The Phillies made an aggressive strike today, agreeing to a three-year, $26MM contract with catcher Carlos Ruiz. From the point of view of Ruiz and agent Marc Kligman, this is a clear win and an offer they were unlikely to beat if they waited. I felt that with Ruiz turning 35 in January, a third guaranteed year was unattainable unless they made a major sacrifice on average annual value. However, the $8.67MM AAV is strong and in line with what some thought Ruiz might get on a two-year deal. I am surprised to see Ruiz top Russell Martin's deal from last winter in both years and AAV, especially since Martin was five years younger and coming off a better year. It's too early to say whether the Ruiz contract is an anomaly, a trend toward rising salaries for catchers, or even a sign that most of the top free agents will beat expectations.
The contract is acceptable for the Phillies in terms of dollars per wins above replacement, as Ruiz is still at least an average regular. Dollars per WAR isn't the right metric on which to judge a free agent contract, however, especially since the free agent market generally doesn't pay full price for catchers. How far beyond the runner-up did the Phillies go? Ideally, you'd only go a little bit beyond the runner-up, especially with a player who had a strong preference to remain in Philadelphia. According to ESPN's Jayson Stark, the Phillies guaranteed the third year and hiked the AAV to get the deal done with Ruiz. If the Phillies were the only team willing to guarantee three years, and it does seem that way, then a hardline stance would have been with a reduced AAV, perhaps around $7.5MM. Something like three years and $23MM was probably possible, which would have made the third year less painful since Ruiz might have approached $20MM on a two-year offer from the Red Sox, Rockies, Blue Jays, or Yankees eventually.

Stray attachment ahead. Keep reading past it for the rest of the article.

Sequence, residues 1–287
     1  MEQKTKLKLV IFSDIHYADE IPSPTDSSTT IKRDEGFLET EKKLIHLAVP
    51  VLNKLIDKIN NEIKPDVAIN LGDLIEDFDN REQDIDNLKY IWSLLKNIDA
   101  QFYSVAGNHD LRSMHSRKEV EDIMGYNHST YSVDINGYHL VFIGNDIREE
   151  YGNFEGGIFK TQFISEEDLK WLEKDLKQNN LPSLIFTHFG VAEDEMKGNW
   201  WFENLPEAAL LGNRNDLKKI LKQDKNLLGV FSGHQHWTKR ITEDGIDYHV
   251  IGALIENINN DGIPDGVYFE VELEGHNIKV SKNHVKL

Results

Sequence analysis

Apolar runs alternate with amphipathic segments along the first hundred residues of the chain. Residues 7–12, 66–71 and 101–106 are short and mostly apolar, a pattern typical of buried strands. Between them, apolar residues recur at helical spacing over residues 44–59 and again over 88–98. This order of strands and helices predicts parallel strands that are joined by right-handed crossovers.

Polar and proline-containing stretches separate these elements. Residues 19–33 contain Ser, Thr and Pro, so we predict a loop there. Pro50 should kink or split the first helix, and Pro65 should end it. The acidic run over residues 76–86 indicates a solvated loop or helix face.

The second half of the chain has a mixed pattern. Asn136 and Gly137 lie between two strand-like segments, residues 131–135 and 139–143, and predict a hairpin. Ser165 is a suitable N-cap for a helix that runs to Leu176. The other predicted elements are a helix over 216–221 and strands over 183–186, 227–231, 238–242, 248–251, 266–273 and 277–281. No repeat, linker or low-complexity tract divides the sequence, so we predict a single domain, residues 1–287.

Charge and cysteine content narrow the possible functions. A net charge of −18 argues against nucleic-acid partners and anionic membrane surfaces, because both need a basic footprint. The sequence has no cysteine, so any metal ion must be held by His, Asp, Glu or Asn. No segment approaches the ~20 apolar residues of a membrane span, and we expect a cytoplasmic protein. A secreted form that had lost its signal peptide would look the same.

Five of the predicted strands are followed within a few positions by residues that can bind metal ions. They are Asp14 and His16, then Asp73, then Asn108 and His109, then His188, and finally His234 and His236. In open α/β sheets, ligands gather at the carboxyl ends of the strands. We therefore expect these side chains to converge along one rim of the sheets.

It's easy to say Phillies GM Ruben Amaro Jr. should have played hardball with Ruiz to save $3-4MM, and that might have been possible. Still, Ruiz is worth more to the Phillies because of his familiarity with their pitching staff, and Amaro would have faced limited alternatives had he tried to wait Ruiz out. Brian McCann would have required a much larger commitment, and it appears Jarrod Saltalamacchia will get more than $30MM. McCann, Saltalamacchia, and A.J. Pierzynski all bat left-handed, and the Phillies likely sought a right-handed bat for lineup balance even after signing Marlon Byrd. That basically leaves Dioner Navarro, a switch-hitter who hasn't been a regular since 2009. The trade market is even more questionable, and the Phillies don't have good internal options at catcher. The Phillies paid a premium to lock up Ruiz this early in the offseason, but the contract is still acceptable. The Winter Meetings are still three weeks away, and Amaro has already addressed two major holes in his lineup.